Munich, Germany Defense Secretary Donald H. Rumsfeld, defending the U.S.-led invasion of Iraq to a skeptical international audience, said Saturday he was confident Saddam Hussein's removal eventually would spread "seeds of freedom" through the Middle East.
In a sign that prewar diplomatic rifts continue, however, Germany's foreign minister warned of "possibly fatal consequences" for NATO should the alliance take a direct role in Iraq's reconstruction. Russia's defense minister, whose government also opposed the war, said military force should be used only "within the realm" of international law.
Rumsfeld made an impassioned defense of the U.S. role in the world, contending that Arab television networks' coverage was contributing to the decline in America's image abroad by promoting the notion that Americans are imperialists.
"I know in my heart and my brain that America ain't what's wrong with the world," Rumsfeld told a German questioner after his speech.
"To the extent that that concept is promoted, as it is," Rumsfeld said, "only time will deal with that."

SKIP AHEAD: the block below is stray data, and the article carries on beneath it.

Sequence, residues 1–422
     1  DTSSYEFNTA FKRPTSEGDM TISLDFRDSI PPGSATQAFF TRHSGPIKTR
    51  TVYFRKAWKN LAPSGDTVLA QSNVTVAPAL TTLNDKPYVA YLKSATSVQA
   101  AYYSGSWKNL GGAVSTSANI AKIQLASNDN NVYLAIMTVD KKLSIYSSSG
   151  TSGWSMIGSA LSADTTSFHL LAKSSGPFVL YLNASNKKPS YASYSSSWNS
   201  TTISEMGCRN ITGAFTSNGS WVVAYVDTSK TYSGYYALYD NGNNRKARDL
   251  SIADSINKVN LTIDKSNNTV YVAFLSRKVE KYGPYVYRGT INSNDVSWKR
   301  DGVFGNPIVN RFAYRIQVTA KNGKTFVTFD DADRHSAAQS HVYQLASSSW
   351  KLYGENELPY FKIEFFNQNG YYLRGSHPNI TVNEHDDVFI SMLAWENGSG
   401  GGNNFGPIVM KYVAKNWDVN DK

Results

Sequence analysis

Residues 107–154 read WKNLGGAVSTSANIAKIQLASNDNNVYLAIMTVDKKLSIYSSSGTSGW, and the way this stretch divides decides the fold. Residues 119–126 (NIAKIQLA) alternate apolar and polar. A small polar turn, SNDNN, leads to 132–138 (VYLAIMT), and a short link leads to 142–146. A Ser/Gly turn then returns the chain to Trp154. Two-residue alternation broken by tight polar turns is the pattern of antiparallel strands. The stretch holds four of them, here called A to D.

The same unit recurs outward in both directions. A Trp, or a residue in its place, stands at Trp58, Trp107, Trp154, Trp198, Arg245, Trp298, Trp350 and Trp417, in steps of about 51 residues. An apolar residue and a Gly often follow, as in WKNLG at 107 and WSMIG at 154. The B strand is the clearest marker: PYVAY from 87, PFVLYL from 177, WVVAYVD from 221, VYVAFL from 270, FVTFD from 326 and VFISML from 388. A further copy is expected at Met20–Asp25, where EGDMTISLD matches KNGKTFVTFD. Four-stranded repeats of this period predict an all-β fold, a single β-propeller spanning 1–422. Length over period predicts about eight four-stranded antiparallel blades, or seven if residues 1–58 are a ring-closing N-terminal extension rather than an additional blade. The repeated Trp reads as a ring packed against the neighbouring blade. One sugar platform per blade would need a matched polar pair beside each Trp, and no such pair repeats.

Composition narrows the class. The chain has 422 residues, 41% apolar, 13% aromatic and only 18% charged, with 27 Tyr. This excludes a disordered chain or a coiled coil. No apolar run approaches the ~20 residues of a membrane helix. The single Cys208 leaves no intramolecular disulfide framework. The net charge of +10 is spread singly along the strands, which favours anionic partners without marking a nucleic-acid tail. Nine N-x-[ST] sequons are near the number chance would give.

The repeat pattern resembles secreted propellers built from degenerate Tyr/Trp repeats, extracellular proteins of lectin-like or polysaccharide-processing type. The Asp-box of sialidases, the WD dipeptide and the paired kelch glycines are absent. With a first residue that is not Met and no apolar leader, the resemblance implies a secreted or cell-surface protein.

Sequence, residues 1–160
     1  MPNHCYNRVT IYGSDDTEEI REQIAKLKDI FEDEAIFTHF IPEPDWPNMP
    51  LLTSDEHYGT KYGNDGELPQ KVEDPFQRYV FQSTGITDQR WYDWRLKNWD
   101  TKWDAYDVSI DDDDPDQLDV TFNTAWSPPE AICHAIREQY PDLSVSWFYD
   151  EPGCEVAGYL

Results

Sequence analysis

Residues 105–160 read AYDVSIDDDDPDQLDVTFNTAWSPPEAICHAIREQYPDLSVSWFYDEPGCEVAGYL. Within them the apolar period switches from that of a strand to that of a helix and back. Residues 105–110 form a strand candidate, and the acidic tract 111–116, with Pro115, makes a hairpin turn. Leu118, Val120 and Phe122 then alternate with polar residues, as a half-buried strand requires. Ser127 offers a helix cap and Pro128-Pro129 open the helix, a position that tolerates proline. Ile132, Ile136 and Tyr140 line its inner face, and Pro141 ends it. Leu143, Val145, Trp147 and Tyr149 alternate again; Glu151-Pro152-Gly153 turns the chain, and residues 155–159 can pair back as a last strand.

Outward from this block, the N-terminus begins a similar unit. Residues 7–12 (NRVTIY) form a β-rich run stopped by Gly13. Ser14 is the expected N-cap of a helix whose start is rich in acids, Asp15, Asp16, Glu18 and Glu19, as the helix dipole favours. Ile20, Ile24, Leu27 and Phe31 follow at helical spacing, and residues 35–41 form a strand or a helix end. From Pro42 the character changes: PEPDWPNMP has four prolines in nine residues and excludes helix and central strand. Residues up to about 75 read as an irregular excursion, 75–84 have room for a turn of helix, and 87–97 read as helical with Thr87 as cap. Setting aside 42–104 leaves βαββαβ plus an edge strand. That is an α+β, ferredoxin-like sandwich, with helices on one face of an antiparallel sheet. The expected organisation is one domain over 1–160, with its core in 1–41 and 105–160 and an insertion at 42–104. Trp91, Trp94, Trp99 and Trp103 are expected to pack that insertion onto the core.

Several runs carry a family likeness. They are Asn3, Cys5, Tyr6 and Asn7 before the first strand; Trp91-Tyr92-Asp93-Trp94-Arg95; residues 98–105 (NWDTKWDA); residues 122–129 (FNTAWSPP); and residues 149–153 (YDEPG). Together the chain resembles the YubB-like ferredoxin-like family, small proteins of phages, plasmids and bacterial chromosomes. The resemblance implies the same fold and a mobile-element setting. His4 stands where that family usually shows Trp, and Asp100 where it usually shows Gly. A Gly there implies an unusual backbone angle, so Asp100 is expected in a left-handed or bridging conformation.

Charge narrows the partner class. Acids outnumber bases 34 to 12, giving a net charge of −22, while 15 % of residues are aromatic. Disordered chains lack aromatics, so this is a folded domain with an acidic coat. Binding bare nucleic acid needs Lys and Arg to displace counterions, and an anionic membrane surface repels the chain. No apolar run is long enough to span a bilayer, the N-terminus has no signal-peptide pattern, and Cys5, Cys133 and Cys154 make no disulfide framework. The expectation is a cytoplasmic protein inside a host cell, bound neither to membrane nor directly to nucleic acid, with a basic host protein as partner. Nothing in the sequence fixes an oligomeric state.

Rumsfeld asserted that the war showed other "rogue regimes" what could happen if they should refuse to come clean about disarming. He did not mention that inspectors had failed to find banned weapons in Iraq, a principal reason the Bush administration gave for invading last March.
The secretary suggested that Libya had an eye on what had happened to Iraq when the Libyan leader, Moammar Gadhafi, voluntarily ended his weapons ambitions in December.
"We may never know exactly why Saddam Hussein chose the destruction of his regime over peaceful disarmament," Rumsfeld said at the Munich Conference on Security Policy.